Exchanges From the Curb: Bazza White and the Lemon Haze

By Jamie Snoll on at

Like I mentioned before, customer management is hugely important in my line of work. If you are not strict with your punters, you can have them running you ragged in no time at all. The clients I kept around me knew the rules; obeyed them to the "T" and therefore continued to get a good service.

If your "dealer" is difficult to contact; shorting your measures, or even giving you shit weed imported straight from Thailand, I would suggest changing your approach, or find someone else to buy from. If I did not like a customer, I would try any of the above, until finally if they pissed me off enough, I would stop answering their calls. It's not easy turning business away, but sometimes it's beneficial to weed out the wrongens', if you can pardon my pun.

Some customers are just a pain in the arse, calling up any time of the day or night, always asking for tick; chatting far too much shit to be tolerated; constantly giving the big "I am." Any number of reasons which are harmless enough but are obviously truly annoying, and result in getting them put on the shit list, but certainly not barred. It takes a lot to get barred.

Then you get the bad eggs, few and far between (thank god); these guys generally come from the rougher end of the scale, and from the area I live in, if you were considered "a rough," that definitely said something.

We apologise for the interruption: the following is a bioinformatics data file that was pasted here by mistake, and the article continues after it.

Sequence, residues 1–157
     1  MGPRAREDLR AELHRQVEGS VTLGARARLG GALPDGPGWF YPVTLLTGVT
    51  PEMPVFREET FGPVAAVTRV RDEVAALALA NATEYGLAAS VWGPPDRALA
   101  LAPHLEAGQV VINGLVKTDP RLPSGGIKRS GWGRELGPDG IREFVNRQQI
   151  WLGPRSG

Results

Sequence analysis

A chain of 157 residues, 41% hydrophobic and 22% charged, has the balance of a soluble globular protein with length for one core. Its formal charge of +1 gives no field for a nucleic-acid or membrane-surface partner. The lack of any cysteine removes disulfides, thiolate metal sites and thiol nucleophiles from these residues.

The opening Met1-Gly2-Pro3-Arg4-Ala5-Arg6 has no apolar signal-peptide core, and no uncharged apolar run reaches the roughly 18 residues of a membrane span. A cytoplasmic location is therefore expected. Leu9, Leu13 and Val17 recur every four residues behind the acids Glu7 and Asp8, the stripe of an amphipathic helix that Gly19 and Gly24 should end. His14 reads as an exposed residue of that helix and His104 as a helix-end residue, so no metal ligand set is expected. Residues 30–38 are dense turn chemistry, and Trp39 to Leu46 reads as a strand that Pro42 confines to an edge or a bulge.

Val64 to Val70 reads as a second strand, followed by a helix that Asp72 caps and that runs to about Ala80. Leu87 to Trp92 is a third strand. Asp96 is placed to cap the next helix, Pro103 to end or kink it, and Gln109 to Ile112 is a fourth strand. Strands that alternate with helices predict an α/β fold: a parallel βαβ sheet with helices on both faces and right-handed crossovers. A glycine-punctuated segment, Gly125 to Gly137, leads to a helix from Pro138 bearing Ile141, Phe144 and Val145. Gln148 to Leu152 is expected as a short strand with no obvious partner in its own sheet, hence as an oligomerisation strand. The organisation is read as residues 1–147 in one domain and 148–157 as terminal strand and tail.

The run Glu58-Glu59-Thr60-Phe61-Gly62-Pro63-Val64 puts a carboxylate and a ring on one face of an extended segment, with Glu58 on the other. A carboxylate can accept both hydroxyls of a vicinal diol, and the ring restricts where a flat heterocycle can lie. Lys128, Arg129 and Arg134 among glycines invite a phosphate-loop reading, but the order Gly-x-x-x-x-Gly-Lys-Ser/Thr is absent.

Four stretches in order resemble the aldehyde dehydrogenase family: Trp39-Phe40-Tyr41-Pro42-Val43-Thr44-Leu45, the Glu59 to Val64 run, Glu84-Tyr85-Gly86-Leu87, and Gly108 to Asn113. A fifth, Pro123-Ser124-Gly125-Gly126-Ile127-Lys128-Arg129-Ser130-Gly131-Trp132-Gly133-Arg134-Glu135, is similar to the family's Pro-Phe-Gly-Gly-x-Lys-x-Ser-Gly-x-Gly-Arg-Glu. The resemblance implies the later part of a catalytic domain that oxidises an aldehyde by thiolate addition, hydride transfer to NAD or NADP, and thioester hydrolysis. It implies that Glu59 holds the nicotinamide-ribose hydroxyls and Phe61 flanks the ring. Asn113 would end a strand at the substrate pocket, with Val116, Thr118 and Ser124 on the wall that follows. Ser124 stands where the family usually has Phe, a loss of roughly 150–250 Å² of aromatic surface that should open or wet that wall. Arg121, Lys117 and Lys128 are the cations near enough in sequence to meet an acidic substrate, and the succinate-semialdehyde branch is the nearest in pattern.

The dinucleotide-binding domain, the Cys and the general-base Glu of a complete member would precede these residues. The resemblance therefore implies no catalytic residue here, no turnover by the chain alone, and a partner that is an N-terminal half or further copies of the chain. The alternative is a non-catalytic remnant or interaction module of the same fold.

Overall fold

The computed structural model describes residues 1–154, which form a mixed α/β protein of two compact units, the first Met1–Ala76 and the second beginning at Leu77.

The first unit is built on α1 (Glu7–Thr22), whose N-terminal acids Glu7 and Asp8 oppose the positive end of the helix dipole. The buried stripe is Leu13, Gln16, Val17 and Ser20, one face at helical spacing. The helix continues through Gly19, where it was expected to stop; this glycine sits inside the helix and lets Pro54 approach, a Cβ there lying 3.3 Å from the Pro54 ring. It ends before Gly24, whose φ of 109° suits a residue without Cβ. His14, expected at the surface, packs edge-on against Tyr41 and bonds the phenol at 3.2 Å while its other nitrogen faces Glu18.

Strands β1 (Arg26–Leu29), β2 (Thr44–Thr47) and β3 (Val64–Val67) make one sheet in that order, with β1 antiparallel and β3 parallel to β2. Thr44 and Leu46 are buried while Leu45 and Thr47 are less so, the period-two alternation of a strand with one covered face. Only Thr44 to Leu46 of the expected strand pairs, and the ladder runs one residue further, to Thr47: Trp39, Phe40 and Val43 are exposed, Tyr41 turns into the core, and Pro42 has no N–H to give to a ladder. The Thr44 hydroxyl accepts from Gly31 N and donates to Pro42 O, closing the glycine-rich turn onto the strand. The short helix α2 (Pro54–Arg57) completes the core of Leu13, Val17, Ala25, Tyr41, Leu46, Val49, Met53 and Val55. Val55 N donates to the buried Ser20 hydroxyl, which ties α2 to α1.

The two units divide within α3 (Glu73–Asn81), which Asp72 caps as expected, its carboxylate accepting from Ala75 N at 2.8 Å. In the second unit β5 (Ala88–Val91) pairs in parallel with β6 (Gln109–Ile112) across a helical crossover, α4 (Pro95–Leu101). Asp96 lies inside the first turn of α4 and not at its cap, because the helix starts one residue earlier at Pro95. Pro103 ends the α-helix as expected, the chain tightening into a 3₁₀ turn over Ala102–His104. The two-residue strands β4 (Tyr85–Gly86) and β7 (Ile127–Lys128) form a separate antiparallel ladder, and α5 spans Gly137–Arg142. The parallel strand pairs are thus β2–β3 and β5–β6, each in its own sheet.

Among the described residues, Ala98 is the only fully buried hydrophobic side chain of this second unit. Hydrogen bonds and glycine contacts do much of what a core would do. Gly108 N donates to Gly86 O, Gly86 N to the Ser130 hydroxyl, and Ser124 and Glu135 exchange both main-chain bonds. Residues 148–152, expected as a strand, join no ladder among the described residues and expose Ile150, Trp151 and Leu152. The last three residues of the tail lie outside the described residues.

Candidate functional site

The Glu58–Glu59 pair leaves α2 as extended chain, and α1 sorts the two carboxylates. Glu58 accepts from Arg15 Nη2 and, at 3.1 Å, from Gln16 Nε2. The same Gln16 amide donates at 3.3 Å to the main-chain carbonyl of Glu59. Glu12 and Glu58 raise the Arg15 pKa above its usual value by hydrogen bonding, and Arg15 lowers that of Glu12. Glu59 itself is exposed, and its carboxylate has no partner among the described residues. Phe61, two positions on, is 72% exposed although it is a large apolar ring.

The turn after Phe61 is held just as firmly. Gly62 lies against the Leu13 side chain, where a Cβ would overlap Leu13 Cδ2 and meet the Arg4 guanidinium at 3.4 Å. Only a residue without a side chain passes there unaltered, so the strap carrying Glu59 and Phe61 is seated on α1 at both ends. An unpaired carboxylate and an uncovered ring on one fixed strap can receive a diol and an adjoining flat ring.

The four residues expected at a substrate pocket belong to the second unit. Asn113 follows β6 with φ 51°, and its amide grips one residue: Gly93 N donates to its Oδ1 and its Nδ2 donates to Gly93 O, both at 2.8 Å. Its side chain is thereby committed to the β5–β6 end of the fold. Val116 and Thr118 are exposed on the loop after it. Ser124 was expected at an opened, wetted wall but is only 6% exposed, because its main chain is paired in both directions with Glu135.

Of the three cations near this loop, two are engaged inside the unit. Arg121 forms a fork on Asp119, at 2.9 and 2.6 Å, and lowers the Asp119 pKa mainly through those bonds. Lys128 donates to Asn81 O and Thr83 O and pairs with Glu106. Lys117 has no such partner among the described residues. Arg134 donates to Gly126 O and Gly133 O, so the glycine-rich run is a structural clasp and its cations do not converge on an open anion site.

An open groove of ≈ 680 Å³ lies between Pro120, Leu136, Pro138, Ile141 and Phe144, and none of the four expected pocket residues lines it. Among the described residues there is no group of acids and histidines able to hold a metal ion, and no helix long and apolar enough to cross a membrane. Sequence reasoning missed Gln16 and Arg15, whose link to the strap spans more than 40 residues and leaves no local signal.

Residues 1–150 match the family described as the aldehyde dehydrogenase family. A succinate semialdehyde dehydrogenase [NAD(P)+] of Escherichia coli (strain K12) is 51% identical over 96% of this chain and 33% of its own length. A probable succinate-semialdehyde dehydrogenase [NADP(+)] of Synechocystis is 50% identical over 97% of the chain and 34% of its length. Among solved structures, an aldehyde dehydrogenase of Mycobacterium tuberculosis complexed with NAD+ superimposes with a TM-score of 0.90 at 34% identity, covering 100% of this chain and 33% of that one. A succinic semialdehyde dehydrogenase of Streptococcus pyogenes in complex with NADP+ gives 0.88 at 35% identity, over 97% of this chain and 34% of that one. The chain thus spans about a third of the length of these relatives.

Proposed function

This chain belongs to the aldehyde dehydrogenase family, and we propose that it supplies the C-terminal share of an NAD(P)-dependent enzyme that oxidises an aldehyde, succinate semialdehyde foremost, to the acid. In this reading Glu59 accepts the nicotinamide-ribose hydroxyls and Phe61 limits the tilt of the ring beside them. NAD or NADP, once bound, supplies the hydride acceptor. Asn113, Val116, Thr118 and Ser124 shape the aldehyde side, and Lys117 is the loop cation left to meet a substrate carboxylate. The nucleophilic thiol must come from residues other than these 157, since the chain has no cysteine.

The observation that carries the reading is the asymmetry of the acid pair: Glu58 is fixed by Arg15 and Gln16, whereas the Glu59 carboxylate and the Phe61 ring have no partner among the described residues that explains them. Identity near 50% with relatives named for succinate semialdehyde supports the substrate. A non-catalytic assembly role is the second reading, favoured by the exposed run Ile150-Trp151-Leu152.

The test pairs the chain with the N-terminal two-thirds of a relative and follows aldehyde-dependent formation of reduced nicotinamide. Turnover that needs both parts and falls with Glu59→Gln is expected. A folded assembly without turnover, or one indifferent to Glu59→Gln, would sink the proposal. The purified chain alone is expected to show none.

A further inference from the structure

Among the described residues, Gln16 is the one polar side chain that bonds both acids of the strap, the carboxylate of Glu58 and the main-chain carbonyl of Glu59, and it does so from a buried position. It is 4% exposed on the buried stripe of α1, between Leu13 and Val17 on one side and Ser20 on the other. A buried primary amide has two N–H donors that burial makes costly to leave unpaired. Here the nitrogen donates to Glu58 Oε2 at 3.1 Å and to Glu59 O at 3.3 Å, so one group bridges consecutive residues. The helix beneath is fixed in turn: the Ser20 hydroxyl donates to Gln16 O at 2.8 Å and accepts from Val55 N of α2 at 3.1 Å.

The title character of today's column was considered rough; Bazza (named after Barry White for his extremely deep voice) was only 17 at the time: average height, average build; but he had a reputation to say the least. At school (when he bothered to turn up) he was always in trouble; passed around the different schools in the area. His mum constantly fighting expulsion, she just gave up in the end, and so he got his way and left school before the end of his last year. Finally she moved him in with his uncle; a male role model he craved. But I suspected that the move was to get him away from his younger brothers, who were yet to follow in his footsteps and took up 90 per cent of his mum's time.

The trouble was his uncle was one of the nuttiest fuckers around; generally friendly but with an edge akin to a serrated pocket knife. A stocky builder -- cash in hand, of course -- he would laugh louder than anyone in the boozer, shout harder, and damn well knew every geezer in the area...or at least appeared to, as he strutted around all the pubs in the area. He had a distinctive look; stuck firmly in the '90s, but no-one took the piss -- he just did not seem stable enough to joke with. In the pub he would walk outside leaving his wallet and mobile on the bar. No-one else did this of course; if anyone else did they would return to find it stolen with no witnesses in the tiny snug.

In the boozer every night, he never seemed to have less than a monkey in his pocket and for years my mate Jay spoke of him with a hushed tone.

"He drives for the..."
"He did this guy..."
"He fucked up these people..."
"He conned or did over this poor schmuck..."
"He stole the crown jewels..."

Jay loved these tall-tales, and even if some were complete lies, Jay did not care; Jay's heroes were not on TV. As a young man, Jay was envious of the local's characters: the nutters, hard nuts, dealers. The uncle was a big character, that much should be obvious by now.

By the time I started to notice Bazza, he was already making waves in my circle; aged 15 he was supplying half his school with puff, buying enough and cutting it up to get his smoke for free. Then after that he would knock around the boozer, his little gang, huddled around him, holding court each night with the teens in the boozer already appointing him their leader.